You are using an older browser version. Please use a supported version for the best MSN experience.

Climate Change: Top scientists finalizing UN report amid extreme weather worldwide

As scientists finalize a long-awaited update on global climate research, recent extreme weather events across the globe have been startling: Historic rains and deadly flooding in central China and Europe. Dramatic heatwave in Canada, and tropical heat in Finland and Ireland. The Siberian tundra ablaze. Monstrous U.S. wildfires, along with record drought across the U.S. West and parts of Brazil. While climate modeling has evolved over the decades, scientists are still trying to determine how climate change will manifest in the years to come. Dr. Sharon George, Lecturer on Environment and Sustainability at Keele University, explains that we're already witnessing, in real time, "what climate change looks like." Dr. George points out that for years "scientists around the world have warned" of the impending dangers of climate change across the globe, and now "the frequency of these (severe weather) events is increasing and the severity is increasing as well." And while we're making strides, transitioning to cleaner forms of energy, Dr. George warns that "we need it to happen faster: every single molecule of CO2 that we put into the air will stick around for 100 years, doing its damage. Every day that we waste, talking about these things and not taking action is going to have a long-term effect. So we need fast action." Dr. George strikes an optimistic tone in her belief that we all have reason to be hopeful for our capacity to come together and rise to this global challenge. The worldwide response to Covid-19 has "shown us that we can adjust our behavior on a massive scale very quickly... whole nations changed their whole working patterns and behaviors to deal with a global combined problem to find a solution. And I think that gives us hope."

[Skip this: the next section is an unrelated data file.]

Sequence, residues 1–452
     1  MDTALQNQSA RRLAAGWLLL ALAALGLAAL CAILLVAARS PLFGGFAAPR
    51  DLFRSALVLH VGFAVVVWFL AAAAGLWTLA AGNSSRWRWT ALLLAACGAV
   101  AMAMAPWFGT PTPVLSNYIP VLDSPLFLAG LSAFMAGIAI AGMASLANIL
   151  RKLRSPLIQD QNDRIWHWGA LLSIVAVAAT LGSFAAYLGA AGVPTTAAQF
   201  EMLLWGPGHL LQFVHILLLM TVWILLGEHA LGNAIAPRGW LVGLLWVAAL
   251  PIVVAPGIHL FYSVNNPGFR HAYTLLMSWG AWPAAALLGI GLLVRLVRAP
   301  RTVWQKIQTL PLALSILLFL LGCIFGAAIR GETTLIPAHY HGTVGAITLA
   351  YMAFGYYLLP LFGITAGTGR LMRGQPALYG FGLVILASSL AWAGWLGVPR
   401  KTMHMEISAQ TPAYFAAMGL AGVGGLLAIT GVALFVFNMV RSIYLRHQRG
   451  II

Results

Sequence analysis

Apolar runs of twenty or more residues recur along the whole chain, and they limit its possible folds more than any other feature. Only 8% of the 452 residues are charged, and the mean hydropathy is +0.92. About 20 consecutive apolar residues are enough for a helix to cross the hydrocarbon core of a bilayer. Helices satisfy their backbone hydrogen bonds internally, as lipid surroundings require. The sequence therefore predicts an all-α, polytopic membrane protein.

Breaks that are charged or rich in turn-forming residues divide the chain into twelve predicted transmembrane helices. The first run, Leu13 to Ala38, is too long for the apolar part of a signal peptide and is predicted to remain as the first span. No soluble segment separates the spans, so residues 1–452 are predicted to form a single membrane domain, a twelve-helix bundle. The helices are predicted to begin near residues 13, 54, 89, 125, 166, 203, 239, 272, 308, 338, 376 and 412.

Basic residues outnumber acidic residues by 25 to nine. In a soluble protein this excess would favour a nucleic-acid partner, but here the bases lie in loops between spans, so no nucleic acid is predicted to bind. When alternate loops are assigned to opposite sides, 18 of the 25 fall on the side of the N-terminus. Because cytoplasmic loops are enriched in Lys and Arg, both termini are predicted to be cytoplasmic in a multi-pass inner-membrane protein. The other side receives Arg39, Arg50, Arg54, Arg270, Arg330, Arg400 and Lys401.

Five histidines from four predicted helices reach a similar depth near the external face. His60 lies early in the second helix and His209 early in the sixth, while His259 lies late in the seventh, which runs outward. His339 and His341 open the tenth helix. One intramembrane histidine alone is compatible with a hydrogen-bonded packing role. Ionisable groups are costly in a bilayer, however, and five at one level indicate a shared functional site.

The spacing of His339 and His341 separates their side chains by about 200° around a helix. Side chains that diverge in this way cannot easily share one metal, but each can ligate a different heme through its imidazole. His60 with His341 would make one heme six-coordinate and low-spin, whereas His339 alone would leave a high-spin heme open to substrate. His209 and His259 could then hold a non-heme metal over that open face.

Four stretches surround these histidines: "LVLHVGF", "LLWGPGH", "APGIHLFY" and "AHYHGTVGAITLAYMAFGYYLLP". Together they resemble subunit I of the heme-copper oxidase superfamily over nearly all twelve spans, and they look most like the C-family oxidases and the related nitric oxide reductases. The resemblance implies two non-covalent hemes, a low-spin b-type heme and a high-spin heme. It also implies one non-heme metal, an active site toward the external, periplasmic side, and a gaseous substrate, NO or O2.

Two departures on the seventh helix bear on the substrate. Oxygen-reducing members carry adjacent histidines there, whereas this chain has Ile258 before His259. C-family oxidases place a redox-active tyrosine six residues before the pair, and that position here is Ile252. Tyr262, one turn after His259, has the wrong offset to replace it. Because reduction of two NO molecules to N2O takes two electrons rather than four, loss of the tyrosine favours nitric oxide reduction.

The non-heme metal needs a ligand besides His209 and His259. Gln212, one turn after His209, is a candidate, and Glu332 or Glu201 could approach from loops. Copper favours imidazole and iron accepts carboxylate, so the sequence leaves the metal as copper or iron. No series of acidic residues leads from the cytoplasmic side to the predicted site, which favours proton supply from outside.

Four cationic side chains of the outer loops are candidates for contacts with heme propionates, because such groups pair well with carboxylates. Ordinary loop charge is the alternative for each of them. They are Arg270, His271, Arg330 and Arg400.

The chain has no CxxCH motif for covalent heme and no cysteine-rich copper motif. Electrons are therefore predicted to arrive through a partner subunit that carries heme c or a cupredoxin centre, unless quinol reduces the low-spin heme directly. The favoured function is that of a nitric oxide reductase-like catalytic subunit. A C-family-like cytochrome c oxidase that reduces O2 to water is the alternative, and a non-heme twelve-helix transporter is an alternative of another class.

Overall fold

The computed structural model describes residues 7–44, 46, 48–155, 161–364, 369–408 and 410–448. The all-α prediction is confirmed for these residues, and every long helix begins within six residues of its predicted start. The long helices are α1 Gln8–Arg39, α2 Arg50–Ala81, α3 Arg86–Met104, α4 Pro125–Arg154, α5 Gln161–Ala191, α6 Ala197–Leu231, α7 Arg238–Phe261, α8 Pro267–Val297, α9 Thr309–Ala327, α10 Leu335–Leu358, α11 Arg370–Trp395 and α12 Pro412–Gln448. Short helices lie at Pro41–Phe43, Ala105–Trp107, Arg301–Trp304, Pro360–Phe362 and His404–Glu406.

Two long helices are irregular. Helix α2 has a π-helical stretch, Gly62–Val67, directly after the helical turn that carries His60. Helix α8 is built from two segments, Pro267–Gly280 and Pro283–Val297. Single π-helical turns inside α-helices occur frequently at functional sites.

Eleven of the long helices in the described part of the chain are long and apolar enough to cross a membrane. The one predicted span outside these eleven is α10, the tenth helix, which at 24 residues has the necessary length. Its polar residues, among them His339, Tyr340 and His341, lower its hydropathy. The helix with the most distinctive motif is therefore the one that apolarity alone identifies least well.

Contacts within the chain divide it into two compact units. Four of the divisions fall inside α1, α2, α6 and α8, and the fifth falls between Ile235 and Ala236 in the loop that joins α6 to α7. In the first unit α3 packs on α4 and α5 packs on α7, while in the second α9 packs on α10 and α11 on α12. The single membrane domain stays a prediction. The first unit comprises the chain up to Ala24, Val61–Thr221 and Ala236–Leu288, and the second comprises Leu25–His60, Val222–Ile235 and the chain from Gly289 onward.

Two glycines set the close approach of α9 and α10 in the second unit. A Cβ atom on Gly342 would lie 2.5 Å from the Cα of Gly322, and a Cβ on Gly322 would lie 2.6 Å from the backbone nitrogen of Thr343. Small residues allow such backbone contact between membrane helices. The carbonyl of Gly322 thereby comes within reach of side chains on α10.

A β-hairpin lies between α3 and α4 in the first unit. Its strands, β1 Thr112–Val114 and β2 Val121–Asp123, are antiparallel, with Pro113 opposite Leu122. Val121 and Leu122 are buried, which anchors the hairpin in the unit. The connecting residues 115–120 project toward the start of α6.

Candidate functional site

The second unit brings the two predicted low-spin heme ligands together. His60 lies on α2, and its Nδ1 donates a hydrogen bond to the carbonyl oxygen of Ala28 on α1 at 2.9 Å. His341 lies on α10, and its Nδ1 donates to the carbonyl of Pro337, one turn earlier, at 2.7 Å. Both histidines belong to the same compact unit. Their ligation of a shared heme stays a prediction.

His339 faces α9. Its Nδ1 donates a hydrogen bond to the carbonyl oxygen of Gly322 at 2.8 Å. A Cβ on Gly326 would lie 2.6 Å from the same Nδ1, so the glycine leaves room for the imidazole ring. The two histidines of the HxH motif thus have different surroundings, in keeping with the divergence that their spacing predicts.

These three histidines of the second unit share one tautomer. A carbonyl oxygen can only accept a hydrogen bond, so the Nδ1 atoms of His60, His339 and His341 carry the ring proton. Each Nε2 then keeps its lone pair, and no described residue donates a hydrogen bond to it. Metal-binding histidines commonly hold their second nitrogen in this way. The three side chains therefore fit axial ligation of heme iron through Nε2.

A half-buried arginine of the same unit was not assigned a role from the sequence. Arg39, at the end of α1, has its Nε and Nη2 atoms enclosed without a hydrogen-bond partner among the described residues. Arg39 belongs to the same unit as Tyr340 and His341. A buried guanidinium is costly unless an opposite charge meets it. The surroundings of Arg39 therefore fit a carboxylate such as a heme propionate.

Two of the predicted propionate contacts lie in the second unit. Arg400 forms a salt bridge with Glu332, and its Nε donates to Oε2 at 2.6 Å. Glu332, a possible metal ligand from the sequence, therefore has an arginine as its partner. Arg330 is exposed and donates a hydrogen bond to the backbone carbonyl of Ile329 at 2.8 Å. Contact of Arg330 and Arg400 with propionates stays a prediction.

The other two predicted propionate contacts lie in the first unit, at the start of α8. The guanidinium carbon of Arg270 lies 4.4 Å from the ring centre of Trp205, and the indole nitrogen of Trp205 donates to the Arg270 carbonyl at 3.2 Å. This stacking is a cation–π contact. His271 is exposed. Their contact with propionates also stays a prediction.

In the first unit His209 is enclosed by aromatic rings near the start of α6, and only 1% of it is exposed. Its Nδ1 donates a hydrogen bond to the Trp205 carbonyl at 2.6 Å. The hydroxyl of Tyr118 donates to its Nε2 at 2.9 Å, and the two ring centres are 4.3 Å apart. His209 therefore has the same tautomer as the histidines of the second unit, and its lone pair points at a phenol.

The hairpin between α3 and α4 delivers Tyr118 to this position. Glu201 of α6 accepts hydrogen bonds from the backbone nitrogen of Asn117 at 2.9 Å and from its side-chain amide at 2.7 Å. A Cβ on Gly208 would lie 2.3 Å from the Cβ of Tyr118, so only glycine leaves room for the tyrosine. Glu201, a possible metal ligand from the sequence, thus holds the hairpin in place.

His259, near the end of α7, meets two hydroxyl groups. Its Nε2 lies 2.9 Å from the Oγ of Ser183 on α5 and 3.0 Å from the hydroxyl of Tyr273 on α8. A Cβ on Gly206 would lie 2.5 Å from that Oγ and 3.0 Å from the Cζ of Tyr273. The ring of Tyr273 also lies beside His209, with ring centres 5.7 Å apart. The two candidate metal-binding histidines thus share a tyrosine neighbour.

UP NEXT

UP NEXT

image beaconimage beaconimage beacon